# Continuous Groups, Lie Groups, and Lie Algebras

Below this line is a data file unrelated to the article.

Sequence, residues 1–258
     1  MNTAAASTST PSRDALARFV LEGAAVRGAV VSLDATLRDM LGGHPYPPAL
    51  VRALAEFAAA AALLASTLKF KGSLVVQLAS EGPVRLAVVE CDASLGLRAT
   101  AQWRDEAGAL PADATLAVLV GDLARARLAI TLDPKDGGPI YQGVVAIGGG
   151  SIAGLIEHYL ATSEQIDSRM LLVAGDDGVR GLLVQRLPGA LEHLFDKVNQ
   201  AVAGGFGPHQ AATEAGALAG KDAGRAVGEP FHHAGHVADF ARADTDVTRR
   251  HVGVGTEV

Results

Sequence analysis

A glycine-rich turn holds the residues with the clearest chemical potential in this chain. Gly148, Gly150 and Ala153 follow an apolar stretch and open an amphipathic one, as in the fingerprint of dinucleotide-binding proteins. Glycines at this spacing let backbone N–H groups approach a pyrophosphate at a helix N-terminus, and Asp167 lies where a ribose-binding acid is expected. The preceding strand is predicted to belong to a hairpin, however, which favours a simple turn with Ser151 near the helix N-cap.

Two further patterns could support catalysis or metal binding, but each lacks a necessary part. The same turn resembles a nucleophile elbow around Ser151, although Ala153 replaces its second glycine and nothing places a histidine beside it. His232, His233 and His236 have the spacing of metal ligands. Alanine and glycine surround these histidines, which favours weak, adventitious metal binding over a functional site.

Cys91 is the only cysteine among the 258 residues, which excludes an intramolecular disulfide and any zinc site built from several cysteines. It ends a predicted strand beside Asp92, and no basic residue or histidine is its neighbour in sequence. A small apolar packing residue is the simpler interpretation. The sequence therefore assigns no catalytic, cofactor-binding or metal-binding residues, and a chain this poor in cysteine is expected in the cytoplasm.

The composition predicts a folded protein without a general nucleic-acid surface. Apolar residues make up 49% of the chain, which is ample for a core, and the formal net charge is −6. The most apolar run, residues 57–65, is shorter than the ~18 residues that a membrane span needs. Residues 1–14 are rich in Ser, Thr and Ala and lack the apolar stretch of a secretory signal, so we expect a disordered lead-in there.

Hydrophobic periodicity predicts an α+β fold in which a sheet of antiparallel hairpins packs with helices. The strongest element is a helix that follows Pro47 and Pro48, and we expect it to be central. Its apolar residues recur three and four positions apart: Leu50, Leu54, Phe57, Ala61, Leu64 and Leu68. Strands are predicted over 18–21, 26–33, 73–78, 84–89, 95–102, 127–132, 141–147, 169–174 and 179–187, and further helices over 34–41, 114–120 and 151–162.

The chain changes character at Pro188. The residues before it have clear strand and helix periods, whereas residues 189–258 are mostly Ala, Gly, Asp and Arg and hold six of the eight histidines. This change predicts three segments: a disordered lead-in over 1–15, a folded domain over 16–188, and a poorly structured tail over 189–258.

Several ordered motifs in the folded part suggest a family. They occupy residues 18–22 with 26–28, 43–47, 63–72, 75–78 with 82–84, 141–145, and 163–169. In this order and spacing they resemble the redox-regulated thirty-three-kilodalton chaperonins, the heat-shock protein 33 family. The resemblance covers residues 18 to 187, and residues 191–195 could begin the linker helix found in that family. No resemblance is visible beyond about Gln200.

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1 Chapter 7 Continuous Groups, Lie Groups, and Lie Algebras Zeno was concerned with three problems... These are the problem of the infinitesimal, the infinite, and continuity... Bertrand Russell The groups we have considered so far have been, in all but a few cases, discrete and finite. Most of the central theorems for these groups and their representations have relied on carrying out sums over the group elements, often in conjunction with the Rearrangement Theorem (Theorem 2.1). These results provide the basis for the application of groups and representations to physical problems through the construction and manipulation of character tables and the associated computations that require direct sums, direct products, orthogonality and decomposition. But the notion of symmetry transformations that are based on continuous quantities also occur naturally in physical applications. For example, the Hamiltonian of a system with spherical symmetry (e.g., atoms and, in particular, the hydrogen atom) is invariant under all three-dimensional rotations. To address the consequences of this invariance within the framework of group theory necessitates confronting several issues that arise from the continuum of rotation angles. These include defining what we mean by a multiplication table, determining how summations over group elements are carried out, and deriving 107